‘Totally necessary’ for Gove’s team to rule by fear, says pressure group director Mark Lehain

Janet Downs's picture

It was ‘totally necessary’ for the ‘tight-knit team’ around former schools minister Michael Gove to use ‘fear, surprise, ruthless efficiency’ to push through Gove’s agenda, writes Mark Lehain, founder of Bedford Free School and now director of the Parents and Teachers for Excellence

The total necessity of ruling by fear is the excuse given by dictators, now and in the past, to justify the killing and imprisonment of dissidents, heretics and opponents.

It’s chilling, then, to read an article in Britian today justifying enforcing policies by fear, surprise and ruthless efficiency.

My parents, my grandfather and millions of others like them fought in two world wars – to ensure Britain would never be ruled by fear. 

Yet now at the end of 2017, in the period supposedly the time of peace and goodwill, we have the director of a pressure group saying it was totally necessary to use a kind of blitzkrieg to push through the will of the ‘Pope’, Lehain’s nickname for Gove.

In 2011, Gove was asked if he was a Stalinist.   If we didn’t already know the answer, we do now. 

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agov's picture
Sat, 16/12/2017 - 17:02

"Parents and Teachers for Excellence"

That would be that "Strictly non-partisan", but apparently so severely ideologically of the hard right, group that seems to be so keen on slogans and yet so economical in the provision of the evidential basis of their claims as well, as far I as discovered, of the financing of their little faction.

"My parents, my grandfather and millions of others like them fought in two world wars – to ensure Britain would never be ruled by fear."

I honour the memory and conduct of all those involved including from my own family. Doesn't seem to inhibit those happy for Britain to be ruled by Project Fear though.
Historically however, WW1 had nothing to do with Britain being ruled by fear but rather that Germany might have ruled the continent for the benefit of German interests and therefore be a rival, and therefore threat, to British interests. WW2 was not all that much different except it was more global and genocide became a factor if only as a motivator. Britain could have opted out in 1940 or 1941 (as Hitler and much of the Labour and Tory parties wished) and, quite probably, been left alone. And now we have most of the continent, along with much of the British misruling class, happy and eager to support the historic aims of Germany.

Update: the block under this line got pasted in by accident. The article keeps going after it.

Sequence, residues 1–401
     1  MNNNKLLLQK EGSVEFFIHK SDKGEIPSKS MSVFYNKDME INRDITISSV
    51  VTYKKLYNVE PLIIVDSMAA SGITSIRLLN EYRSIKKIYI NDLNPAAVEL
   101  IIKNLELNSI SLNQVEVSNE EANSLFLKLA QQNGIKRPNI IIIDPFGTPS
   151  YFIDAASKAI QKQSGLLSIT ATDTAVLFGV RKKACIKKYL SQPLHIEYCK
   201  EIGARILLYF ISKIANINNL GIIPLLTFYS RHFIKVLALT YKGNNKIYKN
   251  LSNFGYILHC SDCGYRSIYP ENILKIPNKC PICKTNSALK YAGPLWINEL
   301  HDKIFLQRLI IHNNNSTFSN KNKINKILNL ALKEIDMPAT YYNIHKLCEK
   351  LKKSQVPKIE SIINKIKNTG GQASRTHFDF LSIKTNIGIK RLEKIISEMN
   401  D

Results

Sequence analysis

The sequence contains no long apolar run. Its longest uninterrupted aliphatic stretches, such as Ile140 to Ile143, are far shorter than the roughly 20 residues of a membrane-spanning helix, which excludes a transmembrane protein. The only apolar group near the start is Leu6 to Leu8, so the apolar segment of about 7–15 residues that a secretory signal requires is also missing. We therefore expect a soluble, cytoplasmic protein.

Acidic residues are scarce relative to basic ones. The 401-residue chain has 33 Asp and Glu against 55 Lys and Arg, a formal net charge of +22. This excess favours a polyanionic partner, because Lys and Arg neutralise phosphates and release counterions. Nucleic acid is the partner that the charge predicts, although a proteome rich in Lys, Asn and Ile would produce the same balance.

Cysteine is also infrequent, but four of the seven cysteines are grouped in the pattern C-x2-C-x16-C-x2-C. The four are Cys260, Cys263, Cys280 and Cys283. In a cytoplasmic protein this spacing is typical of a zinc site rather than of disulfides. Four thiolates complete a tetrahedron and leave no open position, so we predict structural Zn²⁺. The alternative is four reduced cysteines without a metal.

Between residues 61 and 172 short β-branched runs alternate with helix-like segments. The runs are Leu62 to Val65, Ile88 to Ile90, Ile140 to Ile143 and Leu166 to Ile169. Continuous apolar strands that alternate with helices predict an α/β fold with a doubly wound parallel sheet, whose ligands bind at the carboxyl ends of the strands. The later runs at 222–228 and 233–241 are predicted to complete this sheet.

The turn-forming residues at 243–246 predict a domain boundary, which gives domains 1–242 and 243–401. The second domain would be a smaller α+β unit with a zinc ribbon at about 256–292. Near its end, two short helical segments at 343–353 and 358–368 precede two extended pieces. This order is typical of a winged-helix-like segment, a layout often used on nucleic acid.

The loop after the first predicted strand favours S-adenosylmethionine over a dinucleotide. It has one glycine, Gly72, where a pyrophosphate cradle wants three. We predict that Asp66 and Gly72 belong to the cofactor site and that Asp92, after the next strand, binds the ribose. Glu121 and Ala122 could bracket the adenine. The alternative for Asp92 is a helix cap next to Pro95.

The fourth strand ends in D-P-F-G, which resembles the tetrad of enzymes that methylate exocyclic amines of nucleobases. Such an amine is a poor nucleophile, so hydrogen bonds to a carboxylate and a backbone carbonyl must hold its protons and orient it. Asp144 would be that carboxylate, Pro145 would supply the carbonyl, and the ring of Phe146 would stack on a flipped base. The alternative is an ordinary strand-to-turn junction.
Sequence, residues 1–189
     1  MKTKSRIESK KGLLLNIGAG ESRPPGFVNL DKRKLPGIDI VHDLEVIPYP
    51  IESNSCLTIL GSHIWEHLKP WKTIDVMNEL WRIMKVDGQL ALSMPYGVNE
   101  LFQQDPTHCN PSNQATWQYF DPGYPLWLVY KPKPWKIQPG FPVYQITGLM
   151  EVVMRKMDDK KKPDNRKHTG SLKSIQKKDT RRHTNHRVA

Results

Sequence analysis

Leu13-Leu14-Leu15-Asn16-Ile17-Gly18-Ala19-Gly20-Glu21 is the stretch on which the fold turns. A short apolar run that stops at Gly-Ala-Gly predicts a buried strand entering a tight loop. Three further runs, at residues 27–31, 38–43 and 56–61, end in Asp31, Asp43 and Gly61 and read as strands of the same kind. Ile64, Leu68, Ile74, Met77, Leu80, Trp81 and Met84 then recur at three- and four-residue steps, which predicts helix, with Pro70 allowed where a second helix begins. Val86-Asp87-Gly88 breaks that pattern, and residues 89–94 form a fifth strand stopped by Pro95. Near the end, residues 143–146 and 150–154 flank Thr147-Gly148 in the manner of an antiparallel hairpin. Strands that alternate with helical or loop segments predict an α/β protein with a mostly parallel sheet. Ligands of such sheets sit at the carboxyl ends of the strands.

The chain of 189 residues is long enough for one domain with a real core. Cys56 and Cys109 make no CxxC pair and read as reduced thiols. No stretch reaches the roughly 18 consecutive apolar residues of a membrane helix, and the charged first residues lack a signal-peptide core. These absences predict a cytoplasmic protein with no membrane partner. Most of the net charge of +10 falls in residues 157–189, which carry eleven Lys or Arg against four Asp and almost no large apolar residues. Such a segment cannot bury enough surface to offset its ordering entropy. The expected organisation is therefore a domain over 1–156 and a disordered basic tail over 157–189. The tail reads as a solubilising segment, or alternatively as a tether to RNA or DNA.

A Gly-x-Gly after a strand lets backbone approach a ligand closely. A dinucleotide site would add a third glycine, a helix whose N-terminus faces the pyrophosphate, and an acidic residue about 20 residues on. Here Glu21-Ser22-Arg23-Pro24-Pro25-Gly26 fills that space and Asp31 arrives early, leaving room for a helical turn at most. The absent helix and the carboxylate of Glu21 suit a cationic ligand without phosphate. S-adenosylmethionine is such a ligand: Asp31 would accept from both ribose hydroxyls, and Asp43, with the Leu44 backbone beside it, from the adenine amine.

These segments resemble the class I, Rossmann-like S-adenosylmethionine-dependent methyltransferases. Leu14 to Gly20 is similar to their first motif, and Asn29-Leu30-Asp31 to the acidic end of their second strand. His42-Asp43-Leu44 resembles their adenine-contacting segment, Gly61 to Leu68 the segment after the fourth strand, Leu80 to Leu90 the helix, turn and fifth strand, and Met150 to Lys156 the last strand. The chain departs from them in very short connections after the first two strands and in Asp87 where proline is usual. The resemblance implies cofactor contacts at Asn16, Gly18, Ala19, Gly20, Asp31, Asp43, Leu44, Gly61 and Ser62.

Janet Downs's picture
Mon, 18/12/2017 - 13:42

agov - your assessment of history may, or may not, be right.  But my parents and my granddad thought they were fighting dictatorship and to keep Britian free.   I'm not sure that people affected by the blitz in 1940 would have been happy for the Government to make friends with Hitler.   And Adolf might have changed his mind in any case - look what happened to his pact with Soviet Russia.

It's not possible to compare the risible Project Fear with the very real fear of living under a dictatorship.   Project Fear and the leave campaign were marred by false claims, warnings and misinformation as I wrote at the time.

Janet Downs's picture
Mon, 18/12/2017 - 14:03

agov - one of the claims made by leavers was that employment rights could be eroded if we left the EU.  Was this Project Fear or prescience?  It appears that the deadly duo will make the case for scrapping the Working Time Directive today according to the Times.

The TUC has started a petition to May asking her to make it clear UK workers will retain their working rights after Brexit.  It's here.

agov's picture
Mon, 18/12/2017 - 15:50

People were fighting against dictatorship and to keep Britain free but only as a consequence of a choice made by the British government. There were frequent opportunities to make peace. In fact, the continuing British participation in the war, prior to American involvement, is often attributed almost solely to the determination of Churchill often in the face of huge opposition. Churchill was subjected to rather robust views from people in the East End after one German bombing raid.